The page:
The arrestor shown sits between the electric meter and the house.   It stops External Power Surges before they can enter the circuit breaker panel.    The manufacturer of the unit shown states that it provides protection of up to 50,000 peak Amps of surge.  A Whole-House surge protector guards the home’s wiring + all electrical devices from a power surge (up to the capacity of the protector).

Copy The Link Below Into Your Browser To Read Details On The Electric Meter-Socket Surge Arrestor Shown Above:


** NOTE: The Surge Protector shown above is rated at 50,000 amps.   This Old House says “whole-house systems should be rated to stop a 40,000-amp surge, at minimum”.  **

Click Here To See A Meter-Socket Surge Arrestor Installed:  Meter-Socket Surge Arrestor Installed


Shown below is a modestly priced, Whole House, Surge Protector that installs inside the Circuit Breaker Panel.   Near its top is the location of the indicator light that glows green indicating the protector is working properly.  **

** NOTE: This Surge Protector is rated at 20,000 amps.   This Old House says “whole-house systems should be rated to stop a 40,000-amp surge, at minimum”.  **

**Source: https://www.thisoldhouse.com/ideas/surge-protection


Whole Home Surge Protective Devices are for higher-level External power surges.  External surges are to large to be stopped by plug-in power surge protectors.   Whole House SPD’s provide surge suppression for items that can’t be plugged into plug-in surge protectors, such as HVAC, electric dryer, electric stove / cooktop / wall oven, and lighting.  Surge Protectors redirect excess current safely to ground (earth).  This reroutes the surge before it has the chance to enter your homes wiring.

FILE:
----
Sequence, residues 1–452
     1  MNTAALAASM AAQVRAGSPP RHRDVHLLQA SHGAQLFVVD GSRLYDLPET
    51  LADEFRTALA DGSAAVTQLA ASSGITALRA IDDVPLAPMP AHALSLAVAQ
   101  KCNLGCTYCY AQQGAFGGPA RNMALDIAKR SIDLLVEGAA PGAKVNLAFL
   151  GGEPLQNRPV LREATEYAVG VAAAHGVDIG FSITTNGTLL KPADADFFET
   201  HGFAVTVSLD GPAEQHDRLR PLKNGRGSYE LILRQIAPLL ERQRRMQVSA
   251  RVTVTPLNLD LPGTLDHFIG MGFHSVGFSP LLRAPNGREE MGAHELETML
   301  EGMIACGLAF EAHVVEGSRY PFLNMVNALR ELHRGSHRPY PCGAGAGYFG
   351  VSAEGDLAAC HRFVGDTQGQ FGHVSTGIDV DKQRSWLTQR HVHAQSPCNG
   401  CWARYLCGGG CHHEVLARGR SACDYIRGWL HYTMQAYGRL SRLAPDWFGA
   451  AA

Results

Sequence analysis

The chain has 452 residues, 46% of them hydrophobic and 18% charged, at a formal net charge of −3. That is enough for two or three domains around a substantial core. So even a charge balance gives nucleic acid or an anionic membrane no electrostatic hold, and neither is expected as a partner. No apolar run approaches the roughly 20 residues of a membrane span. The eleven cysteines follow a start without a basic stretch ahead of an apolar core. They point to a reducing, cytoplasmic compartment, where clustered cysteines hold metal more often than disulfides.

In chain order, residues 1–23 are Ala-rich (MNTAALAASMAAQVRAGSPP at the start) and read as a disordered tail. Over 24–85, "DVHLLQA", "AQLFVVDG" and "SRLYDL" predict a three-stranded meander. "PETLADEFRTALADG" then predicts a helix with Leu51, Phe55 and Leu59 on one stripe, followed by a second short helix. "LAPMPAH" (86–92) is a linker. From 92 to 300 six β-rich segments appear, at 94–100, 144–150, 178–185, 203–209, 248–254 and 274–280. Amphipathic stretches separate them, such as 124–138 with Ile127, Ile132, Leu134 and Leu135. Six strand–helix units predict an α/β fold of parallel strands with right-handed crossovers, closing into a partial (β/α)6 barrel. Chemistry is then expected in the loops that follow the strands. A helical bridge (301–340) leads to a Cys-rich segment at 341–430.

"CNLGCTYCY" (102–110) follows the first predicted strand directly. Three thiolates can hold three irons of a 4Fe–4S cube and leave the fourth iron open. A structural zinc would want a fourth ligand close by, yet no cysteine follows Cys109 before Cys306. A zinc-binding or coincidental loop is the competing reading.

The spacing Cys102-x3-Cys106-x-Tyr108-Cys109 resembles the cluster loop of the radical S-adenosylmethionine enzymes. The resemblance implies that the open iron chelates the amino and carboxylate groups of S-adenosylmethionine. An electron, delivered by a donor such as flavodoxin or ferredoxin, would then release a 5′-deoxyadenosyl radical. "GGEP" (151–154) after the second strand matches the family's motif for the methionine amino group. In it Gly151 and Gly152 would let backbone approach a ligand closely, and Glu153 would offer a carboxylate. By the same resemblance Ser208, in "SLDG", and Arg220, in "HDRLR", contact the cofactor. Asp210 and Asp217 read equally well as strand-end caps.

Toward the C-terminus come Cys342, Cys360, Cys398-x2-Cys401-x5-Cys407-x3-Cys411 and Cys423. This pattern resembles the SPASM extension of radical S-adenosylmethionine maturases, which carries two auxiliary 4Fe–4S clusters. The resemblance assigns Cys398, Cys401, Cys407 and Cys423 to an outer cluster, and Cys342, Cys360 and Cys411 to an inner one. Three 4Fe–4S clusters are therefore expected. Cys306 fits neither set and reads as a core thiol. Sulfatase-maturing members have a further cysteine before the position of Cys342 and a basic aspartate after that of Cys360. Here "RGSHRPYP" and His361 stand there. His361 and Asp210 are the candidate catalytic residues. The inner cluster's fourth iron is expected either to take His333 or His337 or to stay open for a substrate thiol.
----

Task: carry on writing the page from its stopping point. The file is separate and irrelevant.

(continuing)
SHOWN: General Electric Model THQLSURGE. 

Click On Photo To: View, See Details, or Purchase This Item From Amazon.com


Note: We Not Sell Or Install Whole House Surge Protectors.




Internal Power Surges

Up to 3/4 of power surges come from inside the home.   Internal Power Surges occur several times each day when high electricity-demand devices turn off.   Hair dryers, electric portable heaters, and window air conditioners are three of the biggest creators of internal power surges.  Since heaters and a/c are controlled by a thermostat, they can cycle on & off many times in a single day.  Power surges may also created by older refrigerators and freezers.